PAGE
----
Painful rituals: good for some, not for others

Connor Wood

Painful_ritual

From the somber Catholic high mass to the painful, often frightening initiation rites of many tribal cultures, every human society practices some form of ritual. But the rituals themselves differ radically – in ways that may be predictable across cultures. Namely, new research shows that complex cultures that depend on agriculture tend to have frequent, repeated rituals that are relatively sedate and calm. Smaller cultures with less agriculture, on the other hand, feature rituals that are less frequent but far more emotionally and physically arousing. Ultimately, these trends may give us a vital clue as to how human culture changes over time.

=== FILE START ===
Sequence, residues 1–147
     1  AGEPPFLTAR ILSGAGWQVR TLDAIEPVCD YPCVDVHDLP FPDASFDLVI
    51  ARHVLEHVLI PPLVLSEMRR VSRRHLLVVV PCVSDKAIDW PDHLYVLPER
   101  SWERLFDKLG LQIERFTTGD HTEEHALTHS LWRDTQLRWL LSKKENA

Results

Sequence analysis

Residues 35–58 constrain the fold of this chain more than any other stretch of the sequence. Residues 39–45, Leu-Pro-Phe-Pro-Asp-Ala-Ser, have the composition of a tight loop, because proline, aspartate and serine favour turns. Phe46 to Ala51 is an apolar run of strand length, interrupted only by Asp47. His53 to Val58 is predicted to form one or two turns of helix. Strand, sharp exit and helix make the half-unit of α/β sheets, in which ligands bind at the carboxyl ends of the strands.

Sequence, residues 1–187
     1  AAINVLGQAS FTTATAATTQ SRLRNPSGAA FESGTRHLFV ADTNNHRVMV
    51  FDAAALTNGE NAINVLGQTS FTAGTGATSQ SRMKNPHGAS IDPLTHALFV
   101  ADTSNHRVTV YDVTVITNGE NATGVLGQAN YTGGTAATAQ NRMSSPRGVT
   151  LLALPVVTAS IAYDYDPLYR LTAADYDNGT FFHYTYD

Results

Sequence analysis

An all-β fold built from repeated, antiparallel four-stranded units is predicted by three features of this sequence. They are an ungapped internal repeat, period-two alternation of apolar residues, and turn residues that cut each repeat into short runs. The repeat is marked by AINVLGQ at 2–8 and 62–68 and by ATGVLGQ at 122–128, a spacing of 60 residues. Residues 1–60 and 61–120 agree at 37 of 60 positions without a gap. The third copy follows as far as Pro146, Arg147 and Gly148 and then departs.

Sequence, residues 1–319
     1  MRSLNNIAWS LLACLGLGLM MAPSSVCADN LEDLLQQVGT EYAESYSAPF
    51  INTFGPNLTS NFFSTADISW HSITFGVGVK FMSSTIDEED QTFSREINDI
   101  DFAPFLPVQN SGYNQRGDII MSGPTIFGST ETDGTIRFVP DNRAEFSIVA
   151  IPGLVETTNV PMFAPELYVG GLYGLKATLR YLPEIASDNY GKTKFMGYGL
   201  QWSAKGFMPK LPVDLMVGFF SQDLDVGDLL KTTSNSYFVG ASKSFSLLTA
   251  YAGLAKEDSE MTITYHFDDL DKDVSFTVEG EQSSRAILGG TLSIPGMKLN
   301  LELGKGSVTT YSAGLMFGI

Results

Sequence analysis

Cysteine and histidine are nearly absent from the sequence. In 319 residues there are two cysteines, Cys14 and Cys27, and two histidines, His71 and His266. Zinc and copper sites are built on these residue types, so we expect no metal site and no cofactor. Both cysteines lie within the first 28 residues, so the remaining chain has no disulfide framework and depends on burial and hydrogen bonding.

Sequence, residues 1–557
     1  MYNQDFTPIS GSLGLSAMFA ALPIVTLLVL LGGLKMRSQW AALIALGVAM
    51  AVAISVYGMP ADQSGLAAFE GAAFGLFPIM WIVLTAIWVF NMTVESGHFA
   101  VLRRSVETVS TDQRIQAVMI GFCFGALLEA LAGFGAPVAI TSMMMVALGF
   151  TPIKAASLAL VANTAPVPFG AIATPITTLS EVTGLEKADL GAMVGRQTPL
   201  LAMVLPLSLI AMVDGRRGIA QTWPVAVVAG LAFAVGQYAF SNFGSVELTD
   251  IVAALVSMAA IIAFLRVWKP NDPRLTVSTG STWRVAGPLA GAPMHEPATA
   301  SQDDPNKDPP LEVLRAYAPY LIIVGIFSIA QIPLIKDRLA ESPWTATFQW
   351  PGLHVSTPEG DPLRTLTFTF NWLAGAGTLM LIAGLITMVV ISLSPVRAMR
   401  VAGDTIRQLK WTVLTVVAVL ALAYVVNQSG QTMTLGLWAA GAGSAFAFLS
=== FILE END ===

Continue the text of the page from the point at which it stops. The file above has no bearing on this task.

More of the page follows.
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Rituals may affect memory in different ways

Connor Wood

shaman_ritual

Do you remember what you were doing when you heard about the terrorist attacks in New York and Washington, D.C., on September 11, 2001? How about the details of the pastor’s outfit at your wedding? Memory is powerfully affected by the contexts and circumstances within which we form our memories, but perhaps nowhere is this more true than in the rites and rituals that undergird religion. István Czachesz, a researcher the University of Helsinki, Finland, thinks that affecting memory may be among the most important functions of religious rituals.
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